“As for Muslims, many scholars believe that what we see today is only a passage to social cohesion and they too will, sooner or later, become part of the mainstream. In fact, many of the fears expressed today regarding the integration of Muslims in the West are identical to the fears of a century ago about the integration of Catholics, who were seen as undemocratic and unpatriotic because of their perceived refusal to integrate and their allegiance to the Pope. But all that changed as Catholics paved the way to acceptance and full citizenship.”
So, if Father O’Malley and Imam Osama are really brothers under the skin, there’s nothing to worry about. If the gulf that seems to separate their two faiths is merely a narrow trench, then let’s relax and celebrate diversity.
But, of course, the analogy limps. Protestants and Catholics in America had their differences, but they also shared much in common. Both shared a common allegiance to America, and both shared a common belief in the truth of Christianity.
By contrast, many Muslims in Europe feel little loyalty to their host nation and its culture. And the gulf that separates the Islamic faith from Christianity is far greater than the one that separates Protestants from Catholics.
Is there enough common ground between Muslims and Westerners to ensure that the majority of Muslims will eventually assimilate? It’s true that both share a common humanity. But what’s the common ground on social and cultural values? What’s the common ground on the equality of men and women? On child marriage? On waging jihad? On the belief that Islam is the supreme religion? On the equality of Jews and Muslim? On the execution of apostates? On the superiority of sharia law over civil law?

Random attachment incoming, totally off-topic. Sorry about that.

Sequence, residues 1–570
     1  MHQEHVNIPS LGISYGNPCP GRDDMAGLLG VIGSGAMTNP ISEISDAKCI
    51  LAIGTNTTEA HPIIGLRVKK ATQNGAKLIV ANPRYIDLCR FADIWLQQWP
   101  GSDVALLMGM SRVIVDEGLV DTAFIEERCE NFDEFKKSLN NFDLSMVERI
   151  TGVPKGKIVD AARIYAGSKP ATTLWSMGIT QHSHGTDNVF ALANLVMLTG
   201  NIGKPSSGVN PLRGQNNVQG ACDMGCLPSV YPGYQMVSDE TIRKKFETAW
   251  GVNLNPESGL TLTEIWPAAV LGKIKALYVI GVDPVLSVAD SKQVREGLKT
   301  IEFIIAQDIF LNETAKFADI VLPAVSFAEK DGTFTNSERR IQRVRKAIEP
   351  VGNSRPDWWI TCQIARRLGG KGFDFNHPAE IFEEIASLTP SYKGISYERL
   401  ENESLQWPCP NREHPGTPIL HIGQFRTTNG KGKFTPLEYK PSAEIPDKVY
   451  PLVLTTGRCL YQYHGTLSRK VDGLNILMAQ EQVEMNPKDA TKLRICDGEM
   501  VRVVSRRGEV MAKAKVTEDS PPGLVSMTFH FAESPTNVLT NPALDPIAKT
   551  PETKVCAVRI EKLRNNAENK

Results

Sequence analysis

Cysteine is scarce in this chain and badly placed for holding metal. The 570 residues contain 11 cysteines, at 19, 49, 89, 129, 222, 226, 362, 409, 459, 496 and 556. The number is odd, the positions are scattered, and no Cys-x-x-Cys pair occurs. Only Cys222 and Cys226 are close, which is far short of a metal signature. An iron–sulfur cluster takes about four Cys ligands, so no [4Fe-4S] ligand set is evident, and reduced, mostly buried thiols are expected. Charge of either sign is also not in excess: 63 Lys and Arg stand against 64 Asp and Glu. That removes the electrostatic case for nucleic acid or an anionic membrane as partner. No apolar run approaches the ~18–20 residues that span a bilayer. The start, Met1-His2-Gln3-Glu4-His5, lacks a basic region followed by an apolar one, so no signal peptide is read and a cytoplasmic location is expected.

As evidenced by the full mosques and empty churches that dot the European landscape, Islam is on the rise and Christianity is in decline. Why should Muslims want to assimilate to a dying culture with a dying religion?
What seems more likely is what Michel Houellebecq describes in his novel, Submission—namely, a process of reverse assimilation whereby native Europeans convert or submit to Islam in growing numbers. That, after all, is the historical process by which Islam grew—through conquest, not assimilation.
That’s not the inevitable outcome in Europe. But only a revitalization of Christianity and Christian culture is likely to prevent it. But it will need to be a radical renewal. The kind of happy ending that Professor Tiflati envisions—the one where enemies suddenly discover that they are brothers—is a pipe dream.
Unfortunately, many Christians are placing their bets on that dream. Foremost among them is Pope Francis who, together with Grand Imam Ahmed el-Tayeb, has formed a real-life Father O’Malley-Imam Osama team. The two have been busy signing documents that claim that Islam and Christianity are essentially the same religion. The general idea is to dilute both religions to the point where they can blend together.
So far, Francis has kept his end of the bargain. He has watered-down Catholicism to the point where many Catholics now think that the essence of Christianity lies in patting transgender children on the head.
The fact that Francis believes el-Tayeb will keep his end of the bargain and do something to stop the slaughter of Christians in Africa, tells you a lot about the quality of our current crop of Western leaders. It also speaks volumes about their ignorance of history.
This article originally appeared in the February 2, 2023 edition of FrontPage.
Pictured above: Muslims at prayer.
Photo credit: Pixabay